After several failed attempts to settle above the $60 figure, Brent crude has accelerated its decline and made fresh 14-month lows marginally above $57 on Tuesday. The current environment in the markets confirms that not only oil remains attractive for selling on rallies, but traders tend to open short positions and don’t believe in the efficiency of a new OPEC+ deal.
Apart from that, the crude oil prices are getting more sensitive to global risks. Investors are getting more worried about the potential slowdown in the global growth, which fuels concerns over a weaker demand in 2019 amid the ongoing rise in the US shale oil production. By the way, as US Energy Information Agency reported on Monday, the oil production in the country is expected to rise to 8.166 million next year.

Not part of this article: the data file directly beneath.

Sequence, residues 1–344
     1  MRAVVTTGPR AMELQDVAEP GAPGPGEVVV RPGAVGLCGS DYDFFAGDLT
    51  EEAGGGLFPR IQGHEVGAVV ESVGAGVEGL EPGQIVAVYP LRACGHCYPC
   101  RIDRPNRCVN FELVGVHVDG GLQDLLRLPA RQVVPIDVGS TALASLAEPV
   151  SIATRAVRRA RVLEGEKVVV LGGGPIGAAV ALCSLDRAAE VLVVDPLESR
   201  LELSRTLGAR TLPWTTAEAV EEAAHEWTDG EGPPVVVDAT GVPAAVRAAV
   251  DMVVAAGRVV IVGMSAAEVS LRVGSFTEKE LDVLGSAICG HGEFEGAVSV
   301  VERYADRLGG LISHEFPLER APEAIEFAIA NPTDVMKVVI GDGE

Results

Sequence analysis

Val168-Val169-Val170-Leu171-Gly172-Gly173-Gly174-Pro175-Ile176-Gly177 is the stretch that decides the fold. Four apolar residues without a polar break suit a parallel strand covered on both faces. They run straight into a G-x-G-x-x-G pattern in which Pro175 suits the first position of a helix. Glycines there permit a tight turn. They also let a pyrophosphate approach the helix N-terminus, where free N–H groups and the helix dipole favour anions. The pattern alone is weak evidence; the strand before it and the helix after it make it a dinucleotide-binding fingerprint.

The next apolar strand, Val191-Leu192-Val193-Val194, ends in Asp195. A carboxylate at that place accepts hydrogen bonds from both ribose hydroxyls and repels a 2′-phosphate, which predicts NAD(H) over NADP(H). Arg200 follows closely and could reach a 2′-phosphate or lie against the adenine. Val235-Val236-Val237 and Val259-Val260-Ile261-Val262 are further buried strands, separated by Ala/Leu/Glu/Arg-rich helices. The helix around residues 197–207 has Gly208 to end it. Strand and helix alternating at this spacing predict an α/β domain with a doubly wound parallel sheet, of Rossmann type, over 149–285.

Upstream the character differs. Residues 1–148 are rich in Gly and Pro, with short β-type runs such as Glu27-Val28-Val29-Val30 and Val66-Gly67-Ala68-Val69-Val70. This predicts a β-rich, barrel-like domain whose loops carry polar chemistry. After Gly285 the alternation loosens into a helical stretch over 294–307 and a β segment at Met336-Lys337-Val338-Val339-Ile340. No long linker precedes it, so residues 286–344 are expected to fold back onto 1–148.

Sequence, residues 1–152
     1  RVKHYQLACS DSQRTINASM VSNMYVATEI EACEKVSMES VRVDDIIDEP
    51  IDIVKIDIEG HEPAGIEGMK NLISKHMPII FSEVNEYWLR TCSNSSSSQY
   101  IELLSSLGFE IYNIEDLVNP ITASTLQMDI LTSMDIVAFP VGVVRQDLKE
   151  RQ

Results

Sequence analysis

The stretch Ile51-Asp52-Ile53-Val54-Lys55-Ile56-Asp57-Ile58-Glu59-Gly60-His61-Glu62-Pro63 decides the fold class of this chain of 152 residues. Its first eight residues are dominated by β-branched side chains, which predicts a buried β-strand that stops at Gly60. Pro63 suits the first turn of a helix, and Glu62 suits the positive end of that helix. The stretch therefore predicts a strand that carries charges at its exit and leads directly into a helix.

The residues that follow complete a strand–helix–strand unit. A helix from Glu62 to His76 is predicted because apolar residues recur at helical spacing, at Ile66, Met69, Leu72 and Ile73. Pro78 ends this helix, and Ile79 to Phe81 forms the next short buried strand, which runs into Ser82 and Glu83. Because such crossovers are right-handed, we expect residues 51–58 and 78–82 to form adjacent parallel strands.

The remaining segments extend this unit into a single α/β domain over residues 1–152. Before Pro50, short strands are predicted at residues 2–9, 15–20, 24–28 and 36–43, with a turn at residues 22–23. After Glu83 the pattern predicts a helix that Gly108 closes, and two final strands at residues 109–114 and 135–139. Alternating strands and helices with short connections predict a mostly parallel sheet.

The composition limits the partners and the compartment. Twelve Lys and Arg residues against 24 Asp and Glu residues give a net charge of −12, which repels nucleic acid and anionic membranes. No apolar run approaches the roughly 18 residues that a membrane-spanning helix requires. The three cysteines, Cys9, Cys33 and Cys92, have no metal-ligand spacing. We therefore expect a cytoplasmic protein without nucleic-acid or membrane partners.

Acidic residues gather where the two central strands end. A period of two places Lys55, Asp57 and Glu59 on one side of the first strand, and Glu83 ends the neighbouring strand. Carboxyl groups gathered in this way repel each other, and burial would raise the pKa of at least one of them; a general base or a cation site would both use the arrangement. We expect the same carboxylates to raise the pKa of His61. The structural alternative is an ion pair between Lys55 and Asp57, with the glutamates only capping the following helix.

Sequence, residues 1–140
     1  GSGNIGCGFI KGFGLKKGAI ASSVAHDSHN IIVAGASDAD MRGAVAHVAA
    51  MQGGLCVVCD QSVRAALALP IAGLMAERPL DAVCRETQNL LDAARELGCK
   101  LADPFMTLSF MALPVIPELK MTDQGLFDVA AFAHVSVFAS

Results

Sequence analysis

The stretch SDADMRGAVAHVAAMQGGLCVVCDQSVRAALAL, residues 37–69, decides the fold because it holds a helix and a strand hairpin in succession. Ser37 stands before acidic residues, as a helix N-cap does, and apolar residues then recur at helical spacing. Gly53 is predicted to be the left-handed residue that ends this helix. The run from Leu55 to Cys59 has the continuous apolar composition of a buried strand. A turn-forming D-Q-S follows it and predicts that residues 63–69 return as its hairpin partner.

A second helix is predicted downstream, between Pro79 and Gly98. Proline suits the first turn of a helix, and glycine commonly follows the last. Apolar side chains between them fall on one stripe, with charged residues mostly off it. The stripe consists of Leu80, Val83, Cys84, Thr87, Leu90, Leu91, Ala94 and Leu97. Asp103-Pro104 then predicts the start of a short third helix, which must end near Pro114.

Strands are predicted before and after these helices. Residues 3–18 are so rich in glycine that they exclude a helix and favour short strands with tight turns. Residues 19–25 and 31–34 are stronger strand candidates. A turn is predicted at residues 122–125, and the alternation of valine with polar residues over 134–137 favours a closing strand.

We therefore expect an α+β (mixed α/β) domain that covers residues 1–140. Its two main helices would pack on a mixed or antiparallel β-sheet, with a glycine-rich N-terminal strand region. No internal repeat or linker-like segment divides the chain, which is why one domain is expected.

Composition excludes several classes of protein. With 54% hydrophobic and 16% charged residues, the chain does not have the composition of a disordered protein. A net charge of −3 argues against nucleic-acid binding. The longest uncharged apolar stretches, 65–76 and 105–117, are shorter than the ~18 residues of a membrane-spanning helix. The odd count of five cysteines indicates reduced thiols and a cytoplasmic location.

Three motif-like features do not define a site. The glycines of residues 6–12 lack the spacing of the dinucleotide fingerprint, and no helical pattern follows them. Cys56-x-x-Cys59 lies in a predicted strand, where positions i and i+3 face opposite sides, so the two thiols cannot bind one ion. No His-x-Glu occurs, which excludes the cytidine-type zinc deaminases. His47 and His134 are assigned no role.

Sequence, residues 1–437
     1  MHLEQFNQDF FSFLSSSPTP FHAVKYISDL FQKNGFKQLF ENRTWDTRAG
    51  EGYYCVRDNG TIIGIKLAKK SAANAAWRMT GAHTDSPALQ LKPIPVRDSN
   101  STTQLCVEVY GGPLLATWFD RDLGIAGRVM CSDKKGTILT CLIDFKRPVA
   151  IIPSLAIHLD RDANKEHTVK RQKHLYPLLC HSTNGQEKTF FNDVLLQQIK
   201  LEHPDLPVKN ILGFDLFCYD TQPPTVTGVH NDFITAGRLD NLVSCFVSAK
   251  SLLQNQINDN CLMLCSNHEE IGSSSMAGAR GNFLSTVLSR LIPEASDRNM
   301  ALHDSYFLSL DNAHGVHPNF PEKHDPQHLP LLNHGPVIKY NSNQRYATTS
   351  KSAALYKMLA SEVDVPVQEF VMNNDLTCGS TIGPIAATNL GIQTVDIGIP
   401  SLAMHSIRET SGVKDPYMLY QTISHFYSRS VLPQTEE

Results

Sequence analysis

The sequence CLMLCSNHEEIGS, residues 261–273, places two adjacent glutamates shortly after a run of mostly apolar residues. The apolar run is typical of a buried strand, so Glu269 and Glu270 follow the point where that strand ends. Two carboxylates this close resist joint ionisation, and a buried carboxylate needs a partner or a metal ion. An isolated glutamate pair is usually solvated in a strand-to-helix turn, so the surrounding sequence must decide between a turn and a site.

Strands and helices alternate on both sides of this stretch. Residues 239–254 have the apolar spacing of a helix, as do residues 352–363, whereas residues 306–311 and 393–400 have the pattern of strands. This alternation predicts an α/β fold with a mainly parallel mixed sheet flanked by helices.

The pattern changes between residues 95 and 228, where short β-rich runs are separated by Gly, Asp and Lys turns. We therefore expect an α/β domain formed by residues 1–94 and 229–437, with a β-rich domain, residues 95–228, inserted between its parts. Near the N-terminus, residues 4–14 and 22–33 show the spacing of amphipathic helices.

Should the market remains under pressure in the short term, the next downside target is expected at $55, where October 2017 lows lie. Brent needs to get back above the $61 barrier shift to a recovery mode, but there are no signs that the bullish drivers will come to the rescue, at least, so far. On the other hand, further sell-off could make major OPEC exporters come out with verbal interventions.